As for me, Sugar is simply very special. I've been around many different dogs, from curs to Whippets, to Anatolian Shepherds. Many have been intelligent, willing to please, and fairly easy to train to
do simple tricks. Sugar seems to be the brightest I've ever come across. When I displease her, she will not allow me to sit next to her, and will move away if I approach her. If I haven't been giving her enough attention, she cuddles up to someone else, if I am watching. If I leave the farm truck door open, she jumps in and will not get out until we take a ride.
She is not very interested in performing parlor tricks, but is eager to help with the cattle. She has had no training, and yet, is an asset when
it comes to moving cattle around. She walks with me and sweeps back and forth in front of me, but behind the cattle. When I start making noises to move the cattle, she becomes aggressive, nipping at their heels and barking, while pushing them in the direction I want them to go. She understands we move them from one pasture to another; from one lot to another; in and out of the barns; and, in and out of trailers. She's seen us do it, and knows what needs to be done. She knows enough to stand in a gate opening or in the middle of an alley to keep cattle from passing her.
It has taken some time to train her to stay behind the cattle. An OEB, by nature, wants to work the head of the animal, which is nice for cutting animals, but often counter-productive when trying to move groups from one place to another. She readily understood that "back here" meant I wanted her closer to me and behind the cattle, but it wasn't so easy to bring her around to where she wanted what I wanted.
It is my belief you will not get the most out of an OEB unless you spend a lot of time culturing the relationship. Sugar is not inclined to perform for food or affection. If she is convinced you really care for her, she will be your constant companion and try to help you whenever she can. She is my protector. When in groups of cattle, she usually watches my backside (not that she needs to. My cattle are pretty docile). Yearlings are still pretty curious and will try to approach (often from behind), and that does not happen when Sugar is around.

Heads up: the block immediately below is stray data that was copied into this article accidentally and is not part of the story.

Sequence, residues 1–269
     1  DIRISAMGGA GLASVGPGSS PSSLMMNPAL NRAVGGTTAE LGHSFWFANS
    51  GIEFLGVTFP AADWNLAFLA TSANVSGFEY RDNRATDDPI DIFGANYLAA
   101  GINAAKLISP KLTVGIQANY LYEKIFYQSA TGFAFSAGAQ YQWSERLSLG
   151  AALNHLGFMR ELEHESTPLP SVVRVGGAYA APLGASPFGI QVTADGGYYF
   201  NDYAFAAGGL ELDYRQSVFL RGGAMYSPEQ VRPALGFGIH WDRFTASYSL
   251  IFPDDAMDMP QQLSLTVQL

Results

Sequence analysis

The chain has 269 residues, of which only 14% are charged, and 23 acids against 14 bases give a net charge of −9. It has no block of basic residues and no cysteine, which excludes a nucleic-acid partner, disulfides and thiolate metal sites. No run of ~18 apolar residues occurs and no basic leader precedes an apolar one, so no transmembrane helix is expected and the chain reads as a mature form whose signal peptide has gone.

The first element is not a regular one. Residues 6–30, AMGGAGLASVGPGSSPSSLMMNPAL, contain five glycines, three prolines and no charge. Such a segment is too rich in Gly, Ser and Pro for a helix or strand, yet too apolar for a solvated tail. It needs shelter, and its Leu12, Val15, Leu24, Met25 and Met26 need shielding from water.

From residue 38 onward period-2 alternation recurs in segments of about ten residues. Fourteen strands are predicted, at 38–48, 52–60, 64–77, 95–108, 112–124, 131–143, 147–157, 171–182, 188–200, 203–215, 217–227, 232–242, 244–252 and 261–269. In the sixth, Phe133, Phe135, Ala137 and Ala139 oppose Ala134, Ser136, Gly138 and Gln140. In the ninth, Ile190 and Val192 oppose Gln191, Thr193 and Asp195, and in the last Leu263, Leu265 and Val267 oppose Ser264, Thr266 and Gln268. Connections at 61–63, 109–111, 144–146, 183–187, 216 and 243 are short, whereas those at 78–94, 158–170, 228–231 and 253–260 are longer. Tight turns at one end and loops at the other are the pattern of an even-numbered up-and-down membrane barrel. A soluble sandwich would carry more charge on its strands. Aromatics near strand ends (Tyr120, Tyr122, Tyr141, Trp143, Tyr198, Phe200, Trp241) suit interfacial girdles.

Sugar sleeps at the foot of our bed. When in the house, she is in the room I am in, generally about 10' away. In the morning, or anytime we meet after an absence, a greeting ritual is in order. She wiggles all over, wants her head scratched a little, then a good scratching right above her tail.
She is interested in strangers and friendly towards them. She will touch them, but doesn't really allow most to touch her. She often will stay just an inch or two out of hand's reach. You clearly have to earn her trust and respect. You are the one with something to prove, not her.
She's good with other dogs. She has never been aggressive upon meeting, and will often be submissive, with one exception. Food or toys belonging to her, are hers. She gives ample warning, but is deadly serious. This is the one situation that needs careful watching. One of the animals will get hurt, if you allow the situation to escalate. An OEB is absolutely fearless and feels little or no pain. They do not give up. Don't ever let them fight.
As to why OEBs and not English Bulldogs, American Bulldogs, or Mastiffs? It is much like raising cattle. I raise purebred Angus because the breed has a lot going for them: great carcass traits, great mothering ability, best taste, moderate size and food intake, and so on. I sell bulls to commercial cattlemen who put the AngusBulls on different kinds of cows to promote hybrid vigor in the calf crop. The OEB in its current form is a hybrid cross of four breeds, and as such has eliminated problems inherent in foundation breeds.
They are healthier. For instance, they don't have the breathing or structural problems of the English bulldog. They are heavily muscled,
athletic dogs. As a result, it is almost impossible to take them out in public without people stopping you to ask about the dog. They are
eye-catching, impressive animals, and yet they have a great disposition; make excellent guard dogs; and, excellent family dogs. They have natural livestock working ability. Everything you could ask for.
I sent pictures in another message, but will describe what is going on here. Pic 1 - Sugar and I out checking cows for calves. 3-we've starting moving calves down to the working alley. One has turned on Sugar and she is evading her. 4and5-Sugar moving the cattle into the alleyway. 6-dodging an aggravated heifer. 7,8,9,10,11-Sugar holds the heifers at the top of the alleyway. 12-moving the heifers back to their pen. 13-left the truck door open...looks like Sugar has decided it is time to take a ride (you can see her head laying on the back of the seat looking at and waiting on me.
We want to share what are the best dogs in the world with people who will appreciate them. They need to continue to be relatively expensive to help ensure owners have the means to properly care for them, and yet they really need to be a part of the family. They are not "kennel dogs".
Click on any picture to make it larger!
Pic 1 - Sugar and I out checking cows for calves. 3-We've starting moving calves down to the working alley. One has turned on Sugar and she is evading her. 4 and 5-Sugar moving the cattle into the alleyway. 6-dodging an aggravated heifer. 7,8,9,10,11-Sugar holds the heifers at the top of the alleyway. 12-moving the heifers back to their pen. 13-left the
truck door open...looks like Sugar has decided it is time to take a ride (you can see her head laying on the back of the seat looking at and
waiting on me.